AI ethics education initiatives use a variety of interdisciplinary strategies to communicate key ethical concepts, including creating “ethical matrices” to consider values of different stakeholders in technology, imagining future AI and its implications, reflecting on AI representations in popular media and the news, discussing and debating key ethical questions, and engaging in programming activities that spur learners to critically examine algorithms and bias [6,69,93,145]. In informal spaces, artists and researchers have created interactive art experiences that spur participants to question the implications of technologies like facial recognition [34,70].

Our current implementation aligns with several of these strategies. The module grounds the conversation of ethical decision-making with a short video on the Trolley problem. Here, we use the trolley problem as a “can opener” to a broader conversation about ethical decision-making with AI. The following video deepens this conversation by pointing out the limitations of the trolley problem when applied to high-stakes uncertainty presented by emergent algorithmic technologies. In particular, the video ends by noting the importance of considering a diverse array of stakeholders and differential impacts of decisions due to histories of inequality in society. This is a key takeaway and recurring point of emphasis in the course.

A group activity picks up where the video leaves off by inviting learners to complete an ethical matrix based on a real world scenario involving a self-driving car. The purpose of the ethical matrix is to help consider each stakeholder in relation to pertinent values with the assumption being that values might be held in common but interpreted differently. Below is an example of a matrix in the context of the fishing industry:

A customised version of the ethical matrix designed to assess the future of the Norwegian fishing industry (Kaiser and Forsberg, 2001)

Use of the ethical matrix may be expected to result in one or more of the following outcomes:

  • raise awareness of a wide range of ethical issues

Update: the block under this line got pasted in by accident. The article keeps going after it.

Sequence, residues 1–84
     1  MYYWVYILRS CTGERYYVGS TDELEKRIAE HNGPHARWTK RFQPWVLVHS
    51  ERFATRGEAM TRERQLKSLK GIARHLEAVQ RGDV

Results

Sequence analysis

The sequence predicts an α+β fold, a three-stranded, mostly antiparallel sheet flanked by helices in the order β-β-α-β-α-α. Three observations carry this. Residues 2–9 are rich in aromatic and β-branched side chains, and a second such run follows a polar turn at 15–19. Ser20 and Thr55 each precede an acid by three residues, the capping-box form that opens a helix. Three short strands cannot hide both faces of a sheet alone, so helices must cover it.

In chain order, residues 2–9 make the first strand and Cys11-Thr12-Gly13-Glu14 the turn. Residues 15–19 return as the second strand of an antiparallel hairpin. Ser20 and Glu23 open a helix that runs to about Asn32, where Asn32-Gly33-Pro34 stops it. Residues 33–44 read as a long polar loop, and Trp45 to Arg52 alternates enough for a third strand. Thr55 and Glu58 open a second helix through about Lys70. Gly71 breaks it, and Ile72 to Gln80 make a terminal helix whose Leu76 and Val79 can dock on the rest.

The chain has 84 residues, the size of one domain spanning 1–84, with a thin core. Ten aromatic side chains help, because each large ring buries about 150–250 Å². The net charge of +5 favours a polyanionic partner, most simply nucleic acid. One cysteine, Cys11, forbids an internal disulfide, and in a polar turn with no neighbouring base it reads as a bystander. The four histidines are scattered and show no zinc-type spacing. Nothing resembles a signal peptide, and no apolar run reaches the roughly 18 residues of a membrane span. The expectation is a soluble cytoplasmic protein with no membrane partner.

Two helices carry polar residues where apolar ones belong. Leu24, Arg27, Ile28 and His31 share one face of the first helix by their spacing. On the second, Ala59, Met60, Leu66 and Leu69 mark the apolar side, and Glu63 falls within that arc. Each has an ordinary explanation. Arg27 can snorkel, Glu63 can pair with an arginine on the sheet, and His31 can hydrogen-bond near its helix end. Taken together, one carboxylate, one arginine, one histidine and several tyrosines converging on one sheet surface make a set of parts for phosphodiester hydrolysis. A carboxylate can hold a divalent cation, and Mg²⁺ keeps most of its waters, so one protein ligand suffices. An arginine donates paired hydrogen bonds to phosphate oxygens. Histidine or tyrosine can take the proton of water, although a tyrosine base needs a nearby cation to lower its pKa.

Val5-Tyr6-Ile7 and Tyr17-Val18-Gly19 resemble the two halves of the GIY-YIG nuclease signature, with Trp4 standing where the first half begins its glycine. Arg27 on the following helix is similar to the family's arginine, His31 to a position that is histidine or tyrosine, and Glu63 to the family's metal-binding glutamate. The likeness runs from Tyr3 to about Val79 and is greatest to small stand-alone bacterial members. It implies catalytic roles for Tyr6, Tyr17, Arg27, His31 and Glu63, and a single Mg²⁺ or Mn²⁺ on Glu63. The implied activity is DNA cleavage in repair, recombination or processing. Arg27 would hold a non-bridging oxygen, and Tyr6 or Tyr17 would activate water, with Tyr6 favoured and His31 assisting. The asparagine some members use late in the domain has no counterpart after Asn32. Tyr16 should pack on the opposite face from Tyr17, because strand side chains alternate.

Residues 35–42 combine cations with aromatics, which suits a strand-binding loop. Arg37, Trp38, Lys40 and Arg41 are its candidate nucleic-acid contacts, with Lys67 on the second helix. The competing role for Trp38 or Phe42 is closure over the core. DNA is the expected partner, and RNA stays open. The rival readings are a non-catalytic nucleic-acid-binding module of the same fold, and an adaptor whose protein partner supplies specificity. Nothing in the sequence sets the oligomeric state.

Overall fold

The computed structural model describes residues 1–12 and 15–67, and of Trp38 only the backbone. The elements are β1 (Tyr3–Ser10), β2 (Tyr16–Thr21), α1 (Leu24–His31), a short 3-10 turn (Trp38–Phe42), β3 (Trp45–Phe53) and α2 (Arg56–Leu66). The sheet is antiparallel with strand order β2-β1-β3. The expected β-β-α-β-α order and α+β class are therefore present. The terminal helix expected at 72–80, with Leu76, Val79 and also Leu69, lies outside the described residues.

• encourage ethical reflection
  • provide a common basis for ethical decision-making
  • identify areas of agreement between individuals who might nevertheless differ in their overall judgements
  • clarify the basis of disagreements
  • make explicit the reasoning that underpins any ethical decisions

The group activity uses an ethical matrix in the context of a real-world scenario in which a woman was killed by a self-driving car operated by Uber. The activity recreates the key points from the video: it is a high-stakes, uncertain situation with multiple stakeholders. In this way, the scenario, a narrative passage from a book, invites learners to navigate the mess of ethical decision-making that is obscured in the neatness of the trolley problem. In all, the activity should provide learners a formalized structure for grounding various ethical conversations on algorithms moving forward as many algorithm decisions can be modeled from this setup.

The post-activity discussion highlights a few key takeaways through the questions asked to learners:

  1. What stakeholders are missing? Is it ok for us to speak on behalf of these missing voices?
  2. How would you approach conversations with technologists and decision-makers to convince them to improve the design and use of the tool?

#1 should get learners to reflect on the positions they took on to speak on behalf of stakeholders (cyclists, transportation boards, etc.) that they may not understand nor reflect personally. This is intentionally ironic to model the shortcomings of speaking on others’ behalf. #2 works towards the larger goal of engendering agency by prompting learners to think about how and who they would have these kinds of ethical debates with moving forward beyond this learning circle.